The magazine was published in July 2010 The economist published a cover showing Barack Obama dejected and dejected with his arms around his waist on a Louisiana beach after an oil spill from the company BP, whose oil structure could be seen in the background. There was a problem – a serious problem if we consider the reliability of The economist—: The photo did not exist. Obama wasn’t dejected or staring at the ground in thought, but in the original picture he had some notes in front of him that Charlotte Randolph, a local politician, showed him. Beside the two, separated, was Coast Guard Thad W. Allen. And behind them, taking pictures, is Larry Downing from Reuters agency. The agency sent the original photo and The economist he cut off Allen and eliminated Randolph directly; Editing the photo gave it a new meaning. Reuters condemned the manipulation; The economist she defended, “We edited out Randolph so readers would focus on Obama, not because we wanted him to appear in isolation. It’s not misleading.” But it was prompting: Obama seemed devastated by the environmental disaster, and maybe he was, but at that moment he was listening to a woman removed from the photo explain.
Quickly copied by the media and viralized on networks, the image that the Efe agency circulated this Tuesday of Pedro Sánchez gazing at his arms crossed in front of a landscape engulfed in flames in Casas de Miravete (Cáceres) is the image of a President of the government, which, when visiting the area hit by the fires, appears to be posing with a devastated country in the background, at least that’s what the image suggests. Between the “seems to be” and the “is” there is a world that must be traversed with great delicacy, just as between the “implies” and the “says”, and that is the fault of the image: that it is this way formulating it comes at the expense of interpretations it otherwise would not have. It is not a manipulated photo, and it is also broadcast with a series of images confirming that Sánchez is indeed listening to regional president Guillermo Fernández Vara. But the photo isolates itself from the rest, just as the photographer isolates Sánchez from his companions, and the result is ideal for fomenting a hoax: the Spanish President went into a disaster zone to look good on the front pages. The framing allows for a meaning it would not have if Sánchez were to appear as he really is: arms folded and a politician listening.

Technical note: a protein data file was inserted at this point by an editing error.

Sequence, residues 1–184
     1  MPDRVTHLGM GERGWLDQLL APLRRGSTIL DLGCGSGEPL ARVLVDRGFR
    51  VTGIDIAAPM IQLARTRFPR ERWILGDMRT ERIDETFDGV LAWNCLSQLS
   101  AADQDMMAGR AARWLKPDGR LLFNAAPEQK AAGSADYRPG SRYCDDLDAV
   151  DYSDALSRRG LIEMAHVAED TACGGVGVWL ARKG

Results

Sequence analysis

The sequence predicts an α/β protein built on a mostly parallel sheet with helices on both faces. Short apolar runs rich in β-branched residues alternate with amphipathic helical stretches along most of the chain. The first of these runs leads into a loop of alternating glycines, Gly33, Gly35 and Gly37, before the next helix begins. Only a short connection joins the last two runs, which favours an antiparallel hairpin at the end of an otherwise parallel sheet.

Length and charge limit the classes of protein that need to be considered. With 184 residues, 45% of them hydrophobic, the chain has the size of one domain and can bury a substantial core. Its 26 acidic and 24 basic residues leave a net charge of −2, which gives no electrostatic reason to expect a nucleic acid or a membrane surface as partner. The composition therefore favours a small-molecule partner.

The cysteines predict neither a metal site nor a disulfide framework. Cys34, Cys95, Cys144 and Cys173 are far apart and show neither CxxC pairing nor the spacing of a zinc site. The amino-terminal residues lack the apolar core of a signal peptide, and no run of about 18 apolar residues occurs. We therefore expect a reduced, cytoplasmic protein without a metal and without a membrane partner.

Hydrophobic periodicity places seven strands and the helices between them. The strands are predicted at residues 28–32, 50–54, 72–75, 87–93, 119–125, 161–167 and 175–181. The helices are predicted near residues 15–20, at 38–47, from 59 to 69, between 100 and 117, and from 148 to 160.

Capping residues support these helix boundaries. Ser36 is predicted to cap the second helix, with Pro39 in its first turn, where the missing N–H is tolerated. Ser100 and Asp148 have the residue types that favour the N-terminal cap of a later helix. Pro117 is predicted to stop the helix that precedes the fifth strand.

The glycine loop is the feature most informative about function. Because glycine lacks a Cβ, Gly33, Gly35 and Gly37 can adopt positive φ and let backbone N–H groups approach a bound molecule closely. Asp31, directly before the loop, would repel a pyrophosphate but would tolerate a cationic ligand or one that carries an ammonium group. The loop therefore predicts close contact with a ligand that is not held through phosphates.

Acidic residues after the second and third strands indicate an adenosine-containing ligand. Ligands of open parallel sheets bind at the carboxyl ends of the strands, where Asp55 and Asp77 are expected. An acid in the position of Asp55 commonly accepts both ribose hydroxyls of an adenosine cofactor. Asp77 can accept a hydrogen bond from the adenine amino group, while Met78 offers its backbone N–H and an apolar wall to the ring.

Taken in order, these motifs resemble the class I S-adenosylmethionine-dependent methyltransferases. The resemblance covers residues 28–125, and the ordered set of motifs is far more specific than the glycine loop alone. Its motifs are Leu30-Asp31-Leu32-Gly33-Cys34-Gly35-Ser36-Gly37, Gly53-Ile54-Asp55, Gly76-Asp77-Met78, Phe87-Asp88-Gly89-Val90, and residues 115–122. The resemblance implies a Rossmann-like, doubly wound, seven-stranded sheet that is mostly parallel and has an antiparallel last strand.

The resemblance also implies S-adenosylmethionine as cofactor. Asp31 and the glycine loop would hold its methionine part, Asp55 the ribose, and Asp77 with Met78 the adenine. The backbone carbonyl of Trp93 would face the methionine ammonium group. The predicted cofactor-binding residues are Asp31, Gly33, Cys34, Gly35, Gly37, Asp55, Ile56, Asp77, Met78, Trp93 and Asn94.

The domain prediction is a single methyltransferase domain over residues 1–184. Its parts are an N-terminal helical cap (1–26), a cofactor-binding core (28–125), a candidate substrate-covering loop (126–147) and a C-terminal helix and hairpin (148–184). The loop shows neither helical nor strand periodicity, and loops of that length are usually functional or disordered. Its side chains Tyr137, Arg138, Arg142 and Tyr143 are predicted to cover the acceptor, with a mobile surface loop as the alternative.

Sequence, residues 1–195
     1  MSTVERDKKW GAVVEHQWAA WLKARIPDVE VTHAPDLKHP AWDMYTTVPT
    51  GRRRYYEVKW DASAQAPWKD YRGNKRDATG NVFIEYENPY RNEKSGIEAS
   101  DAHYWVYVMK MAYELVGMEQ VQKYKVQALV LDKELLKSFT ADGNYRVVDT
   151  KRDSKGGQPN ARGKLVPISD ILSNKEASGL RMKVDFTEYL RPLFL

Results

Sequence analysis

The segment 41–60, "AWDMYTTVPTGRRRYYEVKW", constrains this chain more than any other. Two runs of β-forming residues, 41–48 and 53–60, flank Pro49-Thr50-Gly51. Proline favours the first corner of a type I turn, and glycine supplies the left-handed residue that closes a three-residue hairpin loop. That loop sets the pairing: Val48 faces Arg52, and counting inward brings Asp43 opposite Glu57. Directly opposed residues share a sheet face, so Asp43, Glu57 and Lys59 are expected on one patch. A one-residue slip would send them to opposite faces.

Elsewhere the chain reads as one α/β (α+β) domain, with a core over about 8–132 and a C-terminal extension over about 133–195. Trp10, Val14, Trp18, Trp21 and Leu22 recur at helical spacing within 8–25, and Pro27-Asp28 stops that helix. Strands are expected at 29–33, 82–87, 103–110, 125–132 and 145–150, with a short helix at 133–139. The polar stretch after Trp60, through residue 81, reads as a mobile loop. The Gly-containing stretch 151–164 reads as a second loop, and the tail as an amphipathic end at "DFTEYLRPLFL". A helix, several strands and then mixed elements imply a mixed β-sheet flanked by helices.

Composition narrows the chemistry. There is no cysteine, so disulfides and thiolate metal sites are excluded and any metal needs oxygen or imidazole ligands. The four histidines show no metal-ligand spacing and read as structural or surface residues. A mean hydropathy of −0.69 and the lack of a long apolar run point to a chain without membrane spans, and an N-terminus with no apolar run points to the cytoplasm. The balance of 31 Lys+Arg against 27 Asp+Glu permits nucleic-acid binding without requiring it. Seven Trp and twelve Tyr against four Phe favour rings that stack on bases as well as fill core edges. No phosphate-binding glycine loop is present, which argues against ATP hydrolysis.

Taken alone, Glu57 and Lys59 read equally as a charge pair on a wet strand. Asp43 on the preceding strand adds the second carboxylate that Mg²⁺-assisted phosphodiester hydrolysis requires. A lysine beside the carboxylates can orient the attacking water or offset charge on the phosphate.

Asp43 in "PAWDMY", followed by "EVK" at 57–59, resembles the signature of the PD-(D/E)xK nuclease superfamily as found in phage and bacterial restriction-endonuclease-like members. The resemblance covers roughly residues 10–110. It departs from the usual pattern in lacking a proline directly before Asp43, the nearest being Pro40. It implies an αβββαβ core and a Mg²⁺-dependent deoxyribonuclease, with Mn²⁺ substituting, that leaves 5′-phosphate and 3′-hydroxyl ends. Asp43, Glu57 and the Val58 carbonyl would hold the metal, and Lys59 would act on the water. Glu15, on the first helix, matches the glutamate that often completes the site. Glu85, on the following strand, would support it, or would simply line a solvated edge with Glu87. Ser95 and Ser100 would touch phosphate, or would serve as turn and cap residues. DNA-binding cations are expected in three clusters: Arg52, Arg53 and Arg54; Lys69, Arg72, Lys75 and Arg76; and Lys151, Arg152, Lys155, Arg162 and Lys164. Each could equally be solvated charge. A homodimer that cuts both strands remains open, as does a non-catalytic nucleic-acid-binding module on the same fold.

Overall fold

There is no editorial intention in Efe as was the case in the photo by Javier Bauluz, The indifference of the West, which sparked a lengthy discussion between the photographer and Arcadi Espada (the image showing in a certain frame intrepid bathers while the body of an immigrant rested in the sand). The editorialism in the Efe photo is desperately sought by others. Like a gesture by Cuca Gamarra that turns her into a mad woman in Congress for a bad tenth of a second, or a look from Felipe VI. on Pedro Sánchez, barbaric conclusions are drawn. We are usually – when not posing – not the second that the photographer freezes us, although it is often his job to capture the gesture and give it a meaning related to the present. Nor can we (when writing, when speaking, when we have a camera in front of us) prevent someone from fragmenting our actions, speaking or writing in such a way that no one can use a few seconds to imply what we have not written or said or make it seem that in one way or another—a yawn, a smile, a hateful look—we find ourselves in the most shocking of circumstances.
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